Table of Contents
An operating system is composed of two major parts; these parts are known as the "kernel" and the "userland".
The kernel is responsible for handling communication between the physical hardware and the software running on the machine.
The "userland" is comprised of system utilities and user applications. These include editors, compilers and server daemons. System utilities allowing you to maintain, monitor and even upgrade your system are also included.
The phrase "Linux operating system" is a misnomer, as Linux is a kernel, and requires additional software in order to make it an operating system.
A Linux distribution is comprised of the Linux kernel, and a collection of "userland" software. The software is usually provided by the FSF and GNU organisations, as well as many private individuals. Some of it even originates from UCB's BSD Unix operating system.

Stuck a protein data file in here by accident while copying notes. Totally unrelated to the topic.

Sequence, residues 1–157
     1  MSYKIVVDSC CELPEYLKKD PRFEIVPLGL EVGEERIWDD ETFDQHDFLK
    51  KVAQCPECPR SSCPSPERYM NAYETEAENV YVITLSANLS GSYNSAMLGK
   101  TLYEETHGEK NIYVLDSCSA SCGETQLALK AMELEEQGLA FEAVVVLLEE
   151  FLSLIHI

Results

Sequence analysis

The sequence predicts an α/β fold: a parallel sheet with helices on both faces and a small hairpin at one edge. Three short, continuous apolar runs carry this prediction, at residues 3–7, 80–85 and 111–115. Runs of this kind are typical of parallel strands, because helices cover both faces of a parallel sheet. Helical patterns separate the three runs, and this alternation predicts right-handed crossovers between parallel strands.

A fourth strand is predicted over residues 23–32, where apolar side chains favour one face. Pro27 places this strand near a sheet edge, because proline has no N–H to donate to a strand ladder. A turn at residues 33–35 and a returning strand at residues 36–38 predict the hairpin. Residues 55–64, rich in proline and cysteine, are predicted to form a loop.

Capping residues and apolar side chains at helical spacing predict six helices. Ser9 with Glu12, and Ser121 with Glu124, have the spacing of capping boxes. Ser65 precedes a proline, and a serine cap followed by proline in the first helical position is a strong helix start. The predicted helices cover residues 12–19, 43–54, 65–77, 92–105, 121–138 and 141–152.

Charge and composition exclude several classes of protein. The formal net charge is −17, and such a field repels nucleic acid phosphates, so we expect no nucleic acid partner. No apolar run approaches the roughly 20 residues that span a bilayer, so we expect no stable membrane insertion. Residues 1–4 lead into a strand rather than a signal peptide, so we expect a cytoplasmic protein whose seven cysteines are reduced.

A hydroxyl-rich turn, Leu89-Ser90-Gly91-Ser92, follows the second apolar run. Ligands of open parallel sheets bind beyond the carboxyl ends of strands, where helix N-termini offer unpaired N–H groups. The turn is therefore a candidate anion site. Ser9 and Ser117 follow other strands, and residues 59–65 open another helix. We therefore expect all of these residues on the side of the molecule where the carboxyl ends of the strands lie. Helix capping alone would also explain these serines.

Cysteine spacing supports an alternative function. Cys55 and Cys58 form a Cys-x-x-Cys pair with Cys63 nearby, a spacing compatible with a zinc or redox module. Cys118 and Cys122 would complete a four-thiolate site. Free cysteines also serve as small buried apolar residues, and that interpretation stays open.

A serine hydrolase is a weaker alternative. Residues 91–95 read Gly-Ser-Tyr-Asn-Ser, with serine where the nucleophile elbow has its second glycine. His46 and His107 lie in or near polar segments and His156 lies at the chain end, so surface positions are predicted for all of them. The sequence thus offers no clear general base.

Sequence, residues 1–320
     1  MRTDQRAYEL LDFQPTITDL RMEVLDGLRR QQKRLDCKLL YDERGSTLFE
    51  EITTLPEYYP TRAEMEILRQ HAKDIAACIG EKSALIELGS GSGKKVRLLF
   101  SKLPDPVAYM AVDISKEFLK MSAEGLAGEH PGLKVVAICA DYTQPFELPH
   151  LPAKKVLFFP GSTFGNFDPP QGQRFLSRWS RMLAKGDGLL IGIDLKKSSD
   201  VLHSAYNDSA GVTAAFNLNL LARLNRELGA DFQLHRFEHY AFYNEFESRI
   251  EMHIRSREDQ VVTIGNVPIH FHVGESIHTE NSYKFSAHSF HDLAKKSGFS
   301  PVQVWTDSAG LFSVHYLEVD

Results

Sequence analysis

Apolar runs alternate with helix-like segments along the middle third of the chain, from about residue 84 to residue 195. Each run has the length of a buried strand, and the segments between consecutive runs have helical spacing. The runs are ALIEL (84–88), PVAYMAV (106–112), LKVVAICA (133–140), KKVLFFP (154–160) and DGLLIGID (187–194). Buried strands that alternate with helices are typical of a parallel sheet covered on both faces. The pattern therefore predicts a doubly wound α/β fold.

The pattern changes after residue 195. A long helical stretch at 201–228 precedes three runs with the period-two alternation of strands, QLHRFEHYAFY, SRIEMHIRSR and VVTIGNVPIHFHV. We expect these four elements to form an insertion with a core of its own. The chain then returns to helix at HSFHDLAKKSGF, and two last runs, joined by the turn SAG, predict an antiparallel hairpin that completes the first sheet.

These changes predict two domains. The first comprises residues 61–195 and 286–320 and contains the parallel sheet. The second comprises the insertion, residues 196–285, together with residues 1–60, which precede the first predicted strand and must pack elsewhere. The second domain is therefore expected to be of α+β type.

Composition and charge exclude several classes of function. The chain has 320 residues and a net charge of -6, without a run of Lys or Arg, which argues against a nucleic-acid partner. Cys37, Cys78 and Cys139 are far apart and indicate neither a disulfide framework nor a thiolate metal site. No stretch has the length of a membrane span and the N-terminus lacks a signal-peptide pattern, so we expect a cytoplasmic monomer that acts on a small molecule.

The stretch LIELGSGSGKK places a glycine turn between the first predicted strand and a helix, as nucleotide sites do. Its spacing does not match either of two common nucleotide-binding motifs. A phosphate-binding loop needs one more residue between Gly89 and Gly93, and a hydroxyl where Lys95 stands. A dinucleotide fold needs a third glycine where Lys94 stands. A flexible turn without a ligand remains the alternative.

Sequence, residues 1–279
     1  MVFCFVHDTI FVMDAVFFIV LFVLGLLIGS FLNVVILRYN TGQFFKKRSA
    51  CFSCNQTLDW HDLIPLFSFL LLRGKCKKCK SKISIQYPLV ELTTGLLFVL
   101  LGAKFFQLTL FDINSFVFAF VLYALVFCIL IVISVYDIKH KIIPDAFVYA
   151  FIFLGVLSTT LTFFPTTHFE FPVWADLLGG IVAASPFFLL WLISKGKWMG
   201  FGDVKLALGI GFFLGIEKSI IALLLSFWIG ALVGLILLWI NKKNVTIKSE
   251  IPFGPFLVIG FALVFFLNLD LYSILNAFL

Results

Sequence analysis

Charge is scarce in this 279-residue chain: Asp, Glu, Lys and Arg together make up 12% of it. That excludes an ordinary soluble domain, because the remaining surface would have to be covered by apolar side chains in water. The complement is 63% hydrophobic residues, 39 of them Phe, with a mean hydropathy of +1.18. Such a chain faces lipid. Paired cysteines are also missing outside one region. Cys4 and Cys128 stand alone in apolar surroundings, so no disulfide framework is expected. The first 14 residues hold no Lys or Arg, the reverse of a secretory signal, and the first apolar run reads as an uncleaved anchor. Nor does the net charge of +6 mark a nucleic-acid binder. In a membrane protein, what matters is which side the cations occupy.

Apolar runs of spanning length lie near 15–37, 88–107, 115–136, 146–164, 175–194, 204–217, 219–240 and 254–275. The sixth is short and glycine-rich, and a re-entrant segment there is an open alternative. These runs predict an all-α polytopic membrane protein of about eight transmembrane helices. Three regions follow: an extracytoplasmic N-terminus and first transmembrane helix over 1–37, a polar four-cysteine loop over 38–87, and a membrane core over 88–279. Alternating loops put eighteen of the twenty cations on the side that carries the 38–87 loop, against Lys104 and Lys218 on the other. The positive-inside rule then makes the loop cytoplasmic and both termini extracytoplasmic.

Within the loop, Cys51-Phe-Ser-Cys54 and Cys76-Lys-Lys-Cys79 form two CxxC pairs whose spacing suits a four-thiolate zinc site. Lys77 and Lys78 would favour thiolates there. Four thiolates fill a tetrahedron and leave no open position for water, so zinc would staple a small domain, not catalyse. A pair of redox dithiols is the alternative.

There is some confusion over whether the word should be written as "Unix" or "Unix". Both forms are popular and are used interchangeably. Dennis Ritchie says that the all-caps spelling originated from CACM's 1974 paper, "The Unix Time-Sharing System". Apparently because "we had a new type setter and troff had just been invented and we were intoxicated by being able to produce small caps." Dennis Ritchie feels like it should be spelled "Unix", as it is a word and not an acronym. Therefore, this is the format that we will use in this document.
Some commercial Linux distributions even include commercially developed software, often unique to that particular distribution. An example of this would be SuSE Linux's "Openexchange" Server™.
There are many Linux distributions that are available. All of them use the Linux kernel, but they usually differ in what software is available as part of the "userland" how that software is managed and packaged.
Unlike most Unix operating systems, which are based on previous versions of Unix, ultimately all leading back to the original "Unix System" from Bell Labs, the Linux kernel was written from scratch. However, Linux based operating systems follow and implement the Unix paradigm closely enough, that the bulk of this section of the course would apply to both Linux and Unix variants.